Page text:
“We played at a high level,” said McCourty. “They made some plays, but I thought we executed our game plan and did exactly what we wanted to do today.”

MORE:

After surrendering a 100-points per game through the first month (ok, it was only 32), the Pats defense has flexed their muscle during this stretch, allowing 12.5 points per game, which would be the best in the NFL were this a season-long thing. We’re not looking at the same unit even though the personnel is largely the same. If anything, from a talent-level, this defense has less skill than it did when the season started. Their best player, Dont'a Hightower, is out for the year, lost during the first win of this 6-game streak. They’ve also survived three-game absences from $31-million cornerback Stephon Gilmore and their most consistent interior defender, tackle Malcom Brown. Yet the defense keeps showing up, keeps improving and its confidence is growing by leaps and bounds.

“We’re just playing together…we’re kind of figuring that out,” said McCourty. “We’re understanding how we need to prepare, how we need to practice, whether it’s a hard, full-padded practice, whether it’s a walkthrough, we know what we need to do on each of those days and when we do that, we give ourselves a chance. You’re seeing that on Sundays. Everyone running around, everyone knows their job and it’s all about execution.”

“I thought our players gave a great effort tonight,” said Bill Belichick. “We came out and performed well early, throughout the game and played really good situational football.”

The Pats were opportunistic, forcing three turnovers, including one in a huge spot, when Marquis Flowers stripped the ball from wideout Seth Roberts as the Raiders were knocking on the door. It was 14-0 at the time, and Oakland had life. Second-year cornerback Jon Jones battled Roberts, Flowers popped the ball free and safety Pat Chung pounced on it. Instead of milking the clock and heading into halftime up two scores, the Pats turned that fumble into points, driving to midfield before Steven Gostkowski kicked a career-long 62 yarder. That further energized a Pats team that was already surging.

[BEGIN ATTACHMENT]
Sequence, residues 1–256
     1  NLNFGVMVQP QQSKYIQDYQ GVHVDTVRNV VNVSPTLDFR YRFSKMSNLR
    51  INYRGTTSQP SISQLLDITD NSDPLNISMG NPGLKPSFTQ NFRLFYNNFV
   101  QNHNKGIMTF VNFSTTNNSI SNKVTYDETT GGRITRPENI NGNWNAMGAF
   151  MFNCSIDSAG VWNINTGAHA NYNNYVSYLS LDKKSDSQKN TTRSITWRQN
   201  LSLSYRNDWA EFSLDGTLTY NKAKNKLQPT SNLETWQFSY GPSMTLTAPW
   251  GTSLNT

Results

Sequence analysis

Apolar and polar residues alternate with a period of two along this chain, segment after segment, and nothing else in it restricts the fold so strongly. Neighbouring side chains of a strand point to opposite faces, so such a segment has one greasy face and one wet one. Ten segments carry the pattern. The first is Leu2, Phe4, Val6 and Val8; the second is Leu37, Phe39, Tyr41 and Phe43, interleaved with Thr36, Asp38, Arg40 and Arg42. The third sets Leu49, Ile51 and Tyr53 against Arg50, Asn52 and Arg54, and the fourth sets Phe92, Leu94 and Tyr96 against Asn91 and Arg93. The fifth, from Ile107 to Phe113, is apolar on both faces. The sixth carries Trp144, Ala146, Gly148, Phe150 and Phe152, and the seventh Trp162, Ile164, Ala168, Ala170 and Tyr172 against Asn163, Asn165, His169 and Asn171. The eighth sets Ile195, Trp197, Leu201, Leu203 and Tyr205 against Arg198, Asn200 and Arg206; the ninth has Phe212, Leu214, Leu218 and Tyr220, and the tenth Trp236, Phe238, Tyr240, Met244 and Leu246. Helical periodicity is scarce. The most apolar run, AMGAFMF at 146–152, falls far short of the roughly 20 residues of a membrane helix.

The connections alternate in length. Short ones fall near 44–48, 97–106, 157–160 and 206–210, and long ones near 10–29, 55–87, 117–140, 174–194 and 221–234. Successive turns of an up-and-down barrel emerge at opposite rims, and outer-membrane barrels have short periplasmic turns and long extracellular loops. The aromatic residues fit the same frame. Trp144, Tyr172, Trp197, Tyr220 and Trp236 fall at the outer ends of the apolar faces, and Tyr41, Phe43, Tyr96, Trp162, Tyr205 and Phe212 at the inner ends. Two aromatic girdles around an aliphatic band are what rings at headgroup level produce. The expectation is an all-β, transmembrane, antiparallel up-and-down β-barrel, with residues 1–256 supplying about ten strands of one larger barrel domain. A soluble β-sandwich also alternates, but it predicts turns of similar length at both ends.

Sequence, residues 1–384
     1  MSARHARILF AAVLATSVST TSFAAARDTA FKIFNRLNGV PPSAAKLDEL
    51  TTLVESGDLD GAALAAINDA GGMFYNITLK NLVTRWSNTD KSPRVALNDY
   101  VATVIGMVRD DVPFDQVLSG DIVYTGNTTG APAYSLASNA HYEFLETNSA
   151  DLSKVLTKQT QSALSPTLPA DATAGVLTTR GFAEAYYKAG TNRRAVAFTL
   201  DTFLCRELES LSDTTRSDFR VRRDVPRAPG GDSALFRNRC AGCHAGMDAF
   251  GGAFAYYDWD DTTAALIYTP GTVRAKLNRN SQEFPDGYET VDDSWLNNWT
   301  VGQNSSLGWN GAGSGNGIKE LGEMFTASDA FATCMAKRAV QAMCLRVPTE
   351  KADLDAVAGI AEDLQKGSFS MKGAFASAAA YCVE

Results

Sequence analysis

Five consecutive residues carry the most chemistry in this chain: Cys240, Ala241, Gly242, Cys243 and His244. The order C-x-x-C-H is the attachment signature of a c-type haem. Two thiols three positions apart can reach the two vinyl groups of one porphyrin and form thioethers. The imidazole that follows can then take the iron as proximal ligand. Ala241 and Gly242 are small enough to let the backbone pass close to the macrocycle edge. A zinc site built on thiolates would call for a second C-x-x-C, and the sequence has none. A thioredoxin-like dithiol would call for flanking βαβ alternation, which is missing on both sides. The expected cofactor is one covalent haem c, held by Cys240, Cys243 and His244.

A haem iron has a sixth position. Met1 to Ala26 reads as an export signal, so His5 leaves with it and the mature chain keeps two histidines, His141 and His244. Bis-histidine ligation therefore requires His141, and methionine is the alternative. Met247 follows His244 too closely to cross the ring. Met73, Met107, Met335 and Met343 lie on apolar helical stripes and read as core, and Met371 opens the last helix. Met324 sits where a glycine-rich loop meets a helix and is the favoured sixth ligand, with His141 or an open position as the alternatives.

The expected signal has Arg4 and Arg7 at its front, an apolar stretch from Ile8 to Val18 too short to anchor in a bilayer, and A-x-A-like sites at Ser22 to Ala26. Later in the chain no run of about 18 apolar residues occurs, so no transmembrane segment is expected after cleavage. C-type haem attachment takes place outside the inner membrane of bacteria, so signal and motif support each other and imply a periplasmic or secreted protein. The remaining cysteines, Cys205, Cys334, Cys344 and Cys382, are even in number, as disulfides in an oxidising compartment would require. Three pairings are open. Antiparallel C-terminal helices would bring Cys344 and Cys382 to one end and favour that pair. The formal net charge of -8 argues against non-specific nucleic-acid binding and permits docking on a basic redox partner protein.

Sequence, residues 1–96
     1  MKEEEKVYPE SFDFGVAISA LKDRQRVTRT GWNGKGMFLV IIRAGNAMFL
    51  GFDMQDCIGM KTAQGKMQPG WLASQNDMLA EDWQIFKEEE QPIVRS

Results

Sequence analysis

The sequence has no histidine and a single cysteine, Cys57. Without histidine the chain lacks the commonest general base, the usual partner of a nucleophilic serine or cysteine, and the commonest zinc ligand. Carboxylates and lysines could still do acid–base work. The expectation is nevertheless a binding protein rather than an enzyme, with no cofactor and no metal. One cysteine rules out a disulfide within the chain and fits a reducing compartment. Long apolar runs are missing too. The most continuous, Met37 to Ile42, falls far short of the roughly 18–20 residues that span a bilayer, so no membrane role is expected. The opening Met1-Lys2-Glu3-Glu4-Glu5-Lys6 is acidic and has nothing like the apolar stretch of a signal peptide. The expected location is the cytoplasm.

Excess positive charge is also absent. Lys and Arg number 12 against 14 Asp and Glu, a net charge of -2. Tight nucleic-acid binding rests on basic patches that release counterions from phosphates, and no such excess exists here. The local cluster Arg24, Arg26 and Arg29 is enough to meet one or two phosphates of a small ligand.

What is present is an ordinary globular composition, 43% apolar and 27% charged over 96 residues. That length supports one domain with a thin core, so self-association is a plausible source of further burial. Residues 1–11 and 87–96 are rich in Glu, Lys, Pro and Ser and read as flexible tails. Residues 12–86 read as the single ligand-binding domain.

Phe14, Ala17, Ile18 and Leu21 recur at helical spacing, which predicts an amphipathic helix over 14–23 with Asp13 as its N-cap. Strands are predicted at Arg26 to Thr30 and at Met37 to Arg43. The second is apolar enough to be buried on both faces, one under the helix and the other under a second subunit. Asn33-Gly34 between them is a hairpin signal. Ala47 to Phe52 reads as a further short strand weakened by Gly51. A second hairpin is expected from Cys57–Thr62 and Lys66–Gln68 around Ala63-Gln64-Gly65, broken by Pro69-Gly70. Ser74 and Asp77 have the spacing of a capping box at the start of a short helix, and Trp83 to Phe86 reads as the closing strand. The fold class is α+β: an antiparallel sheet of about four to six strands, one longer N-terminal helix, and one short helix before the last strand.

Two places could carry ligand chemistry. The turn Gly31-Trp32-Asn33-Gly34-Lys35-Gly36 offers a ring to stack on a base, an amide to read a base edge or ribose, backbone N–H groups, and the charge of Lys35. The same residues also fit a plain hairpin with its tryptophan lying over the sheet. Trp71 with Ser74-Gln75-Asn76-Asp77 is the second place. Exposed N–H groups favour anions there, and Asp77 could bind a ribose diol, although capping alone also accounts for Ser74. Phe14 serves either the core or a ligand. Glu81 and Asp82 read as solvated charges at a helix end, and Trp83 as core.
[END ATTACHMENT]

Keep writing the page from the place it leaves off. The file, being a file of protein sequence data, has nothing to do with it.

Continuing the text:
“It’s something we talk about every week,” said McCourty. “We’re playing solid defense, executing the game plan, but changing the game with turnovers - you know, even Duron’s interception was a third down so it was kind of like a punt. The energy that brings - when the offense takes the field after we get a turnover - that’s huge. And then with them driving again in the red area before the half is what we talked about, getting that stop.”

“We had some real critical swings with those turnovers,” admired Tom Brady, a chief beneficiary of those change in possessions.

Earlier this week, I asked McCourty if he got a sense that the team was coming together at the tail end of their stay in Colorado Springs. He smiled and joked initially, but you could sense the veteran safety can see and feel what the rest of the league is now a witness to.

“I hope so. I mean, it’d probably be terrible if I say yeah and then we go on a five-game losing streak. I can see the headline: ‘McCourty was wrong.’ So, no, I think we understand how the season starts to pick up. You know, each game means more. We understand that seven wins (now 8) doesn’t mean anything. We have to continue to get better. So, I think why we end up usually improving is because it’s the understanding of there’s no tomorrow.”

The defense ordered that Code Red after losing to Carolina in Week 4, and since then, they have worked harder, worked longer and cleaned up so many of the issues that ailed them that opening month. It’s a credit to the players, “they won’ the game tonight,” said Belichick, and the coaching staff as well. if you’ve followed this team over the years, you know even now, they’re not satisfied. There are “things to work on” added Belichick and they’ll start that work on the flight home from Mexico City to Foxboro. 

NBC SPORTS BOSTON SCHEDULE